I have the Rigid 13" planer (3 knives) and get the snipe that everyone else gets. When I have a piece that is to short to cut off the end where the snipe is, I add a couple of pieces of scrap to the ends on the side of the work piece that extend the back of the work piece out about 3-4" that way the snipe is on the scrap and not on my work piece. You can do this by gluing the pieces on the sides if you are worried about metal going through your planer, I use an 18 gage brad nailer if the piece is thick enough, or my 22 gage micro pinner if the piece is thin already and just taking off a rough patch.

I have seen people use the Dewalt and not get snipe, and I have also used my Rigid and not gotten snipe, so I would say that if you are just a part time user of a thickness planer I wouldn't spend the big $$ on a commercial type model when the 13" planers available at Home Depot, Lowes or Woodcraft will suit your purposes just as well and you can use the extra $$ for other equipment for your shop.

Those are both good ways, but for the tape, does that clog up your blade? or do you stick it low enough not to get cut? When I use pins or brad nails, I usually end up needing to use wood putty to fill in the holes mixed with a bit of saw dust from the project to keep the color consistant. And I make real sure that the naisl are at least 1/4" below where the knives would ever go.

Any thing that is that small that I'm working with I will usually use my jointer/planer unless it's over 6" wide, but usually by the time I'm down to that size it's sandpapering time anyway.

I have also been playing around with the way I hold the wood while it enters the planer. I have found that if I put a little down pressure on the back end of the piece going in and a little up pressure as it comes out I have reduced MOST of the snipe.

In my scroll saw club I get these old timers that have been working with wood since Noah and the Ark claim that anyone who gets snipe just doesn't know what they are doing. Some of the old timers also have drum sanders that they prefer to a planer, but a cheap drum sander at almost $1000 is more than I can afford. I have been looking at the sand flea for a drum sander though and have heard some good comments about it.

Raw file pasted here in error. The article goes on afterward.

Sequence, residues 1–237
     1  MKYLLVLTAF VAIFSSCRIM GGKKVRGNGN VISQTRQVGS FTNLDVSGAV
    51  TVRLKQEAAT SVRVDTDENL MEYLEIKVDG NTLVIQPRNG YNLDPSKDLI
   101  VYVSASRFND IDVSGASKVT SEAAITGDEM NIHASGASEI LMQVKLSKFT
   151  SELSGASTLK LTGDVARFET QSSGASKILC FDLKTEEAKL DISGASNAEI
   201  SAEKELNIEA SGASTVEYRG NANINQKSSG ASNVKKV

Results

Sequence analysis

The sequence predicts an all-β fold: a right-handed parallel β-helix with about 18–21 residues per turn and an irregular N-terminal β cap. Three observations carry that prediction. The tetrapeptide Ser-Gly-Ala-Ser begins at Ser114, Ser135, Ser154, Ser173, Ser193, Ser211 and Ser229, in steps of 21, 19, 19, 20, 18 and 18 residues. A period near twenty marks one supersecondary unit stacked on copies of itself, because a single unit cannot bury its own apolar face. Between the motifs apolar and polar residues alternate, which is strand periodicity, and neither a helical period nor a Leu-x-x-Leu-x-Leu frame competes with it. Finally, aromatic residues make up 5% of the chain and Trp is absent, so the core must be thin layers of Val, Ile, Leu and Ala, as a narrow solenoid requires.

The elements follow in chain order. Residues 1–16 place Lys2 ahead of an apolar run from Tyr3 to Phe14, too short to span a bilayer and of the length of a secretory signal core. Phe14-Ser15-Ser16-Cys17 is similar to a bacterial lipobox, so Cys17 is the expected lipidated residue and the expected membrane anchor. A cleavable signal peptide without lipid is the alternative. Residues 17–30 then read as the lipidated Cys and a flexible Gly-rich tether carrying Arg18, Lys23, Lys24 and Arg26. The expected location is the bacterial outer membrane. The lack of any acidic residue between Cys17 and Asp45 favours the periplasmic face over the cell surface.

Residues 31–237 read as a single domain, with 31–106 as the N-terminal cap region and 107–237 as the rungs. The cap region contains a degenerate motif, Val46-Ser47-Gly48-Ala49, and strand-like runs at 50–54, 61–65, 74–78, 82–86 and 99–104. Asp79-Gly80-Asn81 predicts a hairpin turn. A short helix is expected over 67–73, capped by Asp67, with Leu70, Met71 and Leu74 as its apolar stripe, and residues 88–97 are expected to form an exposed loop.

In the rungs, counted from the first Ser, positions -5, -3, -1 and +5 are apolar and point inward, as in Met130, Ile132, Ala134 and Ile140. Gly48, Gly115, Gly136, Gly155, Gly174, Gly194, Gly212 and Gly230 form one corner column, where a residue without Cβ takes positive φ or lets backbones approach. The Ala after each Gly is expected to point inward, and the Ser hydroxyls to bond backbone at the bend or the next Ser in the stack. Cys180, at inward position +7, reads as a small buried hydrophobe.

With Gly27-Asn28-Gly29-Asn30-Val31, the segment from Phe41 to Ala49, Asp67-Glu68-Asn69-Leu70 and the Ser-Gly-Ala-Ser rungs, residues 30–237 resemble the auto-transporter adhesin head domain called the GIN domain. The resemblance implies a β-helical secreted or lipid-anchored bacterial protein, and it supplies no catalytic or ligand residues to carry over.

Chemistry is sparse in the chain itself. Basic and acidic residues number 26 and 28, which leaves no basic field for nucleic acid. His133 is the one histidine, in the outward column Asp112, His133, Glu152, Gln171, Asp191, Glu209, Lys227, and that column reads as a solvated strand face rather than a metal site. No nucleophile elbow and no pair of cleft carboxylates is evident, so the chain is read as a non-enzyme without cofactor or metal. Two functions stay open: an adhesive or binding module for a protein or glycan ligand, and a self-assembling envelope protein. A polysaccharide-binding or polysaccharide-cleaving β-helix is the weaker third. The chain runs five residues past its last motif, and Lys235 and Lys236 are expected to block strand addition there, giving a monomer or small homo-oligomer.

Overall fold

I use a 12 1/2 Dewalt.  It is set up properly & never results in any snipe.  Blade life is fine & a new set result in the nicest boards.
keep the tape low enough so it doesn't get into the blades for sure. I'd like to have a drum sander myself, but, like you, the wallet won't allow it 

Dave Johnson said:

Those are both good ways, but for the tape, does that clog up your blade? or do you stick it low enough not to get cut? When I use pins or brad nails, I usually end up needing to use wood putty to fill in the holes mixed with a bit of saw dust from the project to keep the color consistant. And I make real sure that the naisl are at least 1/4" below where the knives would ever go.

Any thing that is that small that I'm working with I will usually use my jointer/planer unless it's over 6" wide, but usually by the time I'm down to that size it's sandpapering time anyway.

I have also been playing around with the way I hold the wood while it enters the planer. I have found that if I put a little down pressure on the back end of the piece going in and a little up pressure as it comes out I have reduced MOST of the snipe.

In my scroll saw club I get these old timers that have been working with wood since Noah and the Ark claim that anyone who gets snipe just doesn't know what they are doing. Some of the old timers also have drum sanders that they prefer to a planer, but a cheap drum sander at almost $1000 is more than I can afford. I have been looking at the sand flea for a drum sander though and have heard some good comments about it.

Ben...

I also have a Dewalt Planer (the _35 model) which is the next model up from the one noted in the photo.  I've been very pleased with it - yes, you pay a bit more but it's well worth it, the cost savings in the rough cut vs. s4s lumber will be relized immediately. 

Also regarding the snipe... you can purchase extention tables (which i did for the Dewlat) however, all planers snipe but I found when you lift up ever so slightly on the milled lumber as it exits - it is reduced to a level that can be addressed with 180 grit sandpaper. 

hope this helps
David